Scams in Bali

A common scam in Bali is a foreign exchange scam, which usually happens at smaller money exchange offices on the island. Typically, they will have an excuse that they only have smaller banknotes, that you'll get too overwhelmed to calculate them only to find that you receive less money than you should. 

If you have to exchange money at one of these offices, you can insist on receiving only banknotes of 100,000 IDR to avoid being a victim of this scam. While skimming and phishing scams through ATMs in Bali are not unheard of, you can also minimise them by setting a maximum withdrawal on your card. 

With the influx of tourists around the island, you may also experience scams in the other form, including the following: 

  • Overpriced taxi rides. Conventional taxis with the brand labels on the car must use taximeters before taking any passengers, so make sure the driver turns on this taximeter before agreeing to any taxi services.

  • Petrol price higher than the standard. Unfortunately, this is quite common even at some official petrol stations. Make sure to check the machine's monitor and start it from "0" before filling your vehicle's tank. 

  • Getting ripped off at the local warungs or restaurants. When the price is not written on the menu, ask for the price before making an order. 

  • Getting approached by strangers offering various services. Whether they provide a massage on the beach or offer you to take a photograph at some touristic place, be aware that they usually come with a catch. 

  • Overpriced items at the local markets. Make sure to bargain the price before purchasing the local products at the shop, especially if it's in a popular tourist area. Typically, you can haggle up to 30% off the offered price. However, the price is non-negotiable if the shop puts a price tag on items they sell. So if you happen to stop by a shop like this, avoid haggling at all costs!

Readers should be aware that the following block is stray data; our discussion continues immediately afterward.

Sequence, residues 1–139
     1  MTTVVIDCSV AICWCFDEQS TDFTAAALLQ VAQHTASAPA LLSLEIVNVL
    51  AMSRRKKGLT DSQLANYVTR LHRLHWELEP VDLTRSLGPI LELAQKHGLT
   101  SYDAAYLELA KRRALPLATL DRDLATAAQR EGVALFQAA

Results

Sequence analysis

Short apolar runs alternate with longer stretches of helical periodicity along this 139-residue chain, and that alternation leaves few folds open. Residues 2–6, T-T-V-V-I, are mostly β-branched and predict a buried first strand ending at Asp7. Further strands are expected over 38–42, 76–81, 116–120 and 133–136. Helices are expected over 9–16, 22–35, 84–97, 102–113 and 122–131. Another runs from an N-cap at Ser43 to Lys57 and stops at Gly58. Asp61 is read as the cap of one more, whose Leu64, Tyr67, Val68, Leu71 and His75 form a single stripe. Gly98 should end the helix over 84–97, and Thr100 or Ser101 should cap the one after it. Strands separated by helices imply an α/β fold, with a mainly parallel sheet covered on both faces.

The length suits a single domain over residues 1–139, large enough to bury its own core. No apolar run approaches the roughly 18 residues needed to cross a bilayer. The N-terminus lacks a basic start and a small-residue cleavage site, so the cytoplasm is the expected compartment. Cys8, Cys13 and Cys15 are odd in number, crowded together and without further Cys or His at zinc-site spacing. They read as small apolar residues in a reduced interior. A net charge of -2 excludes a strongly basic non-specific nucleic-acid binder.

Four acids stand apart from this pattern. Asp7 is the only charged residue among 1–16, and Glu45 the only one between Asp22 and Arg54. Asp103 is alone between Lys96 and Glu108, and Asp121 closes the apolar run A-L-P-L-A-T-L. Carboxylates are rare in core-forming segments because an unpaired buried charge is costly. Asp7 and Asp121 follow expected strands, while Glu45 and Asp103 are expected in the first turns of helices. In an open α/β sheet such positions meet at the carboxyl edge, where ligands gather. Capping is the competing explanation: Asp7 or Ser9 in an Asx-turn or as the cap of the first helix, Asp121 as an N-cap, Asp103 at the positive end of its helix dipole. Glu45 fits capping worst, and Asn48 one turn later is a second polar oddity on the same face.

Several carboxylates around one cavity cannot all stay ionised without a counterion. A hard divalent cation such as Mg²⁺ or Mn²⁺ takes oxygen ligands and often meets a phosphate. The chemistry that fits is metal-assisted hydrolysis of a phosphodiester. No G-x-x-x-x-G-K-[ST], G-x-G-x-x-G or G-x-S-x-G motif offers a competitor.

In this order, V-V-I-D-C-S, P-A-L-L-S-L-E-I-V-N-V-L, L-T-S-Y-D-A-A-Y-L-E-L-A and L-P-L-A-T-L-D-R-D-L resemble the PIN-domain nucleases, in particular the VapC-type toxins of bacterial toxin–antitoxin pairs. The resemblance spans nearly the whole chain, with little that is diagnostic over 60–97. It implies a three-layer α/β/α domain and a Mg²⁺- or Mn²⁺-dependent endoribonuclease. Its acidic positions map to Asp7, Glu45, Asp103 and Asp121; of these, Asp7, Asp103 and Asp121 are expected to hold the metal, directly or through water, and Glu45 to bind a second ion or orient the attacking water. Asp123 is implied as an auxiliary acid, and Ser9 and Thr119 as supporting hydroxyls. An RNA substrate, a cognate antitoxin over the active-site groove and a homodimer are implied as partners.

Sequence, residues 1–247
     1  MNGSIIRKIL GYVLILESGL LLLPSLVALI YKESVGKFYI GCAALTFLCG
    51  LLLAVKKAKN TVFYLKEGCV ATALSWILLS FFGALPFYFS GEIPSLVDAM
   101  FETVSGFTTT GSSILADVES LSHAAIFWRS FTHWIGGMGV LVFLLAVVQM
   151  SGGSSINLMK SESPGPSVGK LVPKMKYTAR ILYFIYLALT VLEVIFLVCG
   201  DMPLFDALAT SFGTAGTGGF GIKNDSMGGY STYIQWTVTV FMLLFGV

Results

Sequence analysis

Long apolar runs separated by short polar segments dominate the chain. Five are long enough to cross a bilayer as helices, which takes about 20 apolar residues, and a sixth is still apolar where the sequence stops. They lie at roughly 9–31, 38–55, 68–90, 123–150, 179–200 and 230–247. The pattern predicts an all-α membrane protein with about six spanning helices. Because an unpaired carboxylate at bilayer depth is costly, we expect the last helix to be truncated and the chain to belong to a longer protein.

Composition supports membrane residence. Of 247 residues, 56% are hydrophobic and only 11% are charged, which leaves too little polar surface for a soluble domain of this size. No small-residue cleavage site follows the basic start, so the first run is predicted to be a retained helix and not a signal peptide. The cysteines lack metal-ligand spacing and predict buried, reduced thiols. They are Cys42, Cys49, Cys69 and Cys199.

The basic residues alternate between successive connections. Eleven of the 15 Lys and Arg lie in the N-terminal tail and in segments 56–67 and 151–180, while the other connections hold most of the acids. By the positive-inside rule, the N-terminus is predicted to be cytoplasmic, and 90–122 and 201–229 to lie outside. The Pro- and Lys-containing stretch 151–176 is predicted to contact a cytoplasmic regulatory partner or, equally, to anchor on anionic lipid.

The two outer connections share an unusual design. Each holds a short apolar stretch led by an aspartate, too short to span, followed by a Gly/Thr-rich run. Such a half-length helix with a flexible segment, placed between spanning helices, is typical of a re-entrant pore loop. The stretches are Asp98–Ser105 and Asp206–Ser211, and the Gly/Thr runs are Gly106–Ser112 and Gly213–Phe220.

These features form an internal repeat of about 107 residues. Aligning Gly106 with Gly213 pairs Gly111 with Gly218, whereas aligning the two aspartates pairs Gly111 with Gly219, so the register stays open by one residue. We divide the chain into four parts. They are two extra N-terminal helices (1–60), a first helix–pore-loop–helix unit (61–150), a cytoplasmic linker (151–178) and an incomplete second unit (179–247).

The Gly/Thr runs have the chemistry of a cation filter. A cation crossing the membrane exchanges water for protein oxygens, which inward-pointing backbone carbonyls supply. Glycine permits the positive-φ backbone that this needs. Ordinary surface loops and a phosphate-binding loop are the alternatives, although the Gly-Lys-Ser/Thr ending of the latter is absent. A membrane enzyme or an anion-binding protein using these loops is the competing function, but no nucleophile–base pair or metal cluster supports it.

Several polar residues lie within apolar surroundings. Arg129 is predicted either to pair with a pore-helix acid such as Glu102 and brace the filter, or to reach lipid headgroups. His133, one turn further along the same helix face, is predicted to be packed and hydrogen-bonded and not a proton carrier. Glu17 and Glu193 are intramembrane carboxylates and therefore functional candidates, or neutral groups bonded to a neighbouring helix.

Typical prices in Bali

Here are the typical prices for some common items you may want to purchase on the island: 

  • Hostel accommodation: starting from IDR 100,000 per night

  • Hotel accommodation: starting from IDR 400,000 per night

  • Public bus: starting from IDR 3,500 per ride

  • Airport transfer: starting from IDR 150,000

  • Balinese kebaya/traditional dresses: starting from IDR 100,000 per piece

  • Barong shirt: starting from IDR 30,000 per piece

  • Rattan bag: starting from IDR 100,000 per piece

  • Balinese spa kit: starting from IDR 100,000 per set 

  • Beer: starting from IDR 30,000 per can

Planning a trip to Bali? Read our Bali travel guides

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Marya Sutimi

Author - Marya Sutimi

Born and raised in Bandung, Indonesia, Marya is a travel blogger and freelance copywriter. She loves travelling as much as she enjoys staying in. When she’s not travelling, you can find her chilling at home or working on a project remotely.

Last Updated 6 July 2023

Taman Lumbini park from the height of the temple complex Candi Borobudur at sunrise in the fog.


The country with the fourth largest population in the world, Indonesia is an archipelago of islands in South East Asia. While there are over 17,000 islands in Indonesia, Bali is definitely the firm favourite with travellers